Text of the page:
Not everyone should have a Facebook Group. Now, I do think that everyone can have a Facebook Group that is highly engaged and ridiculously profitable, but do you really want to put the effort that it takes into a Facebook Group?
Groups have ups and downs, there is a definite ebb and flow to a Group, sometimes your Group is going to feel weird, sometimes it’s going to feel wonderfully right, but most of the time, you’re going to rest somewhere in-between.
Again, your Facebook Group is a long-term game.
Take action: dig deep and figure out what is unique about your Group. What’s the point in someone joining your Group, spending their precious time in there creating content for it, and ultimately, deciding it’s worth their time. There has to be a reason as to why people join, stay, and engage and create in your Group, what is it?
Now remember, your Facebook Group should be used like a lead magnet. The function of your Facebook Group is to develop the “know, like, and trust” factor and then once that is done, roll it’s Group members over onto your email list. This is how and where you’ll sell to them. People are already used to buying from email, so keep what’s working and sell in email.
Now this brings us to our next topic, influencers in the online space shutting down their massive Facebook Groups. Wouldn’t it be CRAZY to shut down a Facebook Group of tens of thousands of potentially ideal clients?!
If this is how you’re feeling, you’re stuck in a lack or scarcity mindset and here’s why.
Think about this strategically. An influencer emails their list and posts on social media about their brand new Facebook Group and BOOM! immediately they have 10,000 members. Let’s say about half are from their email list and the other half are from social media.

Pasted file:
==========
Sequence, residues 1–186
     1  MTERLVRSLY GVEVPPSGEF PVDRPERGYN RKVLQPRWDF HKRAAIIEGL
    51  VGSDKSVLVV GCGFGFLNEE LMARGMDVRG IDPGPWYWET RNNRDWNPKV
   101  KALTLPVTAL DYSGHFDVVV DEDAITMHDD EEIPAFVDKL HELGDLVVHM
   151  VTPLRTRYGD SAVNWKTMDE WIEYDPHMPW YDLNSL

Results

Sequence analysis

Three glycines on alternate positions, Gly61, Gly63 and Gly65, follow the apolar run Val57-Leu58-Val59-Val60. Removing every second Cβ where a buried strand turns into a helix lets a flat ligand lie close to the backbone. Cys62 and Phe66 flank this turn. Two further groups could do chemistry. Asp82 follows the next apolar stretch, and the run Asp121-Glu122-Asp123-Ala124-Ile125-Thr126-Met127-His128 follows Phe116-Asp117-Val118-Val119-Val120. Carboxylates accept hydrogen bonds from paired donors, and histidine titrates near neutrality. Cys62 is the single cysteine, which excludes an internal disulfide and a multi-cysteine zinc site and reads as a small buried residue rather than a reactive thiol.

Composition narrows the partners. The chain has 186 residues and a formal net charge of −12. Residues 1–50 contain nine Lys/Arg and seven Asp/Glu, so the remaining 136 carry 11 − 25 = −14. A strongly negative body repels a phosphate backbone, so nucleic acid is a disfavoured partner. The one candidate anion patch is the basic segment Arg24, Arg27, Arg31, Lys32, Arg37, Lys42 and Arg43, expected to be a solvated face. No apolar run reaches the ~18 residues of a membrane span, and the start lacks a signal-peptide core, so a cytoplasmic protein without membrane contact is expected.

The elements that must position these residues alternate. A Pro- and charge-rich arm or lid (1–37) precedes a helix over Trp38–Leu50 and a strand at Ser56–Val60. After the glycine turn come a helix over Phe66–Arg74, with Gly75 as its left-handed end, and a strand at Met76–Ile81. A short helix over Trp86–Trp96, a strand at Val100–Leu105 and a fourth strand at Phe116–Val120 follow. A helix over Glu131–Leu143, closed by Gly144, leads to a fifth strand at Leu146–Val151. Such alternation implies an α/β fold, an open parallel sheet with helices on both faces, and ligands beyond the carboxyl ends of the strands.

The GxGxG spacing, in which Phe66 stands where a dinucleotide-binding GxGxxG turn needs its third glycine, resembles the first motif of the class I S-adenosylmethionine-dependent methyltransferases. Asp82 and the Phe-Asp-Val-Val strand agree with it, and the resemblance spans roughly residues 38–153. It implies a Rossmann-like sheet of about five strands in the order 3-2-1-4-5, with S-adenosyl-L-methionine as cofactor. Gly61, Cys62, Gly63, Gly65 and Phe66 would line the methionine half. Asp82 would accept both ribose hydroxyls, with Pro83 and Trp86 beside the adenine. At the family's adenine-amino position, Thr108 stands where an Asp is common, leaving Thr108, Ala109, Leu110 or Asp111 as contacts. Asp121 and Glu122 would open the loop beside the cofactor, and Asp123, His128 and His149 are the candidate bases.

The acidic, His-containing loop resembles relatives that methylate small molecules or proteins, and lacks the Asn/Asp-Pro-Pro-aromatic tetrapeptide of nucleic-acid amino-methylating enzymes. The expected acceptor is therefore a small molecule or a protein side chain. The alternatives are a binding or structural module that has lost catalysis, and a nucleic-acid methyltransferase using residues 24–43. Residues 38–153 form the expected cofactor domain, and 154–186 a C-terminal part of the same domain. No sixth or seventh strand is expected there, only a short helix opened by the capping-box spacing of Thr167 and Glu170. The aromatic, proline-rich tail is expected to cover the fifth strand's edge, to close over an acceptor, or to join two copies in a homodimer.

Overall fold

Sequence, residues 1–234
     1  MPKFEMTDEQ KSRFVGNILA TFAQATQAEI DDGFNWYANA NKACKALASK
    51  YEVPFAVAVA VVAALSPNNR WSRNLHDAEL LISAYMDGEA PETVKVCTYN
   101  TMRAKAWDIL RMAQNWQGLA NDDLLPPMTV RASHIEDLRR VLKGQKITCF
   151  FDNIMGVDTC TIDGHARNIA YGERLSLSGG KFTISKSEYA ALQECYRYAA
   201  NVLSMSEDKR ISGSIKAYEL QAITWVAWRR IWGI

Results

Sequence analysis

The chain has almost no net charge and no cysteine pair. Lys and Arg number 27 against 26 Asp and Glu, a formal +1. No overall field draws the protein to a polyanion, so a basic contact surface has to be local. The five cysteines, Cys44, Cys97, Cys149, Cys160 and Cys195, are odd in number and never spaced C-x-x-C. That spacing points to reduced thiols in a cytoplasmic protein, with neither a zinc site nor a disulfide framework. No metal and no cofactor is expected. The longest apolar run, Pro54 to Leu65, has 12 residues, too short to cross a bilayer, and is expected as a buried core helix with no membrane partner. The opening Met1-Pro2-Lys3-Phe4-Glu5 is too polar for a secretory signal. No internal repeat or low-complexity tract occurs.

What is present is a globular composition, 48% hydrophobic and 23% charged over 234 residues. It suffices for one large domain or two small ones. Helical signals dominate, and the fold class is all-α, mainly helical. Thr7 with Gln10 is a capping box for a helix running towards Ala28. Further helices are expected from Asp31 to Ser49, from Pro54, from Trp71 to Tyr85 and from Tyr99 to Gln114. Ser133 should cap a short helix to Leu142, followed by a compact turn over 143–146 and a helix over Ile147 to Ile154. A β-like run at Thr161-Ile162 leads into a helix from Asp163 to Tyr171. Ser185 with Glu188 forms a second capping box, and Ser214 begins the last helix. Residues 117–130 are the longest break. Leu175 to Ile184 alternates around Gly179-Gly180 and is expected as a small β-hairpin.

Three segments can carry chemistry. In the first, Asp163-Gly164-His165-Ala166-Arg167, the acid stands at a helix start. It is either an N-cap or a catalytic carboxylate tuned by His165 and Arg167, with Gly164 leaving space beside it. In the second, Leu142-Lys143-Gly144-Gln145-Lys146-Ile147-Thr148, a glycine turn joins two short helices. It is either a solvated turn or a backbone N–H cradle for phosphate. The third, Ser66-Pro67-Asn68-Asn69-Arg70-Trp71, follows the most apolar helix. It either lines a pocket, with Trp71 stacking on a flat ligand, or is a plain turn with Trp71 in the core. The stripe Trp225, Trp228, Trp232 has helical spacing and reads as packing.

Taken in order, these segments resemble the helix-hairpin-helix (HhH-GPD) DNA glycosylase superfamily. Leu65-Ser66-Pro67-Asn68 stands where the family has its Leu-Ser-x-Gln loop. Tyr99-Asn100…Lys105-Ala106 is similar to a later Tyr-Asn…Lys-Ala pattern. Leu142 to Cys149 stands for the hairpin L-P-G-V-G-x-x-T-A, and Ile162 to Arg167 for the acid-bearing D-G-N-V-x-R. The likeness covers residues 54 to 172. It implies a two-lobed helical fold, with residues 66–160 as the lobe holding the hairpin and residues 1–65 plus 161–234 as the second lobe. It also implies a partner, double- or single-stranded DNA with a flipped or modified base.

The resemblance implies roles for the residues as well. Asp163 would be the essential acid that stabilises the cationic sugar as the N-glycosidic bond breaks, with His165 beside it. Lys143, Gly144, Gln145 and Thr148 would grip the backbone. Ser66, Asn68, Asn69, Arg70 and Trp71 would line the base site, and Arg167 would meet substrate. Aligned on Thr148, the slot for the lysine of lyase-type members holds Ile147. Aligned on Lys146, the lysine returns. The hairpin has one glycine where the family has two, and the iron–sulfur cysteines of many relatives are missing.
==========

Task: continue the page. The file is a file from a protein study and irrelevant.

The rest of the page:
They deliver CRAZY value for about 30 days. Help their Group members to get some results, then announce that they’re going to be shutting it down. They then announce one of two things:
They have a special offer for their Group members for a program or course that they offer.
They can get a “free gift” which is a freebie that enters them into a funnel for a program or course.
What they do here is grow their email list like crazy. By opening up Groups and shutting them down, they are serving their existing email subscribers in a bigger way by delivering crazy value for 30ish days AND they are leveraging the power of social media to build their base. They’re not only getting their followers to go into their Group, but they can leverage Facebook’s algorithm to get their Group pushed to new people, and then ultimately rolling those new people over onto their email list.
This is a growth strategy that can work really well and be very effective. It’s a surge of activity around your brand and allows you to grow really quickly by pulling people from all of your platforms and putting them into one place. It can be a great way to gain momentum around a program, service, or product that you have as a part of your offerings and to grow your audience.
If you’re worried about losing members as a part of this strategy I’d argue those members were never really your people and weren’t ever going to actually buy from you. Not that we need to be concerned about who’s going to buy from you and who’s not, but you need to let go of the idea that expectation and lead from a place of service. Focusing on who’s going to buy and who’s not going to buy doesn’t serve you and it puts an unnecessary pressure on you to perform in a certain way, which I don’t know about you, but absolutely doesn’t work for me or most people I know. Your ideal clients are out there, so show up in a way that is fully yourself, and forget about the details.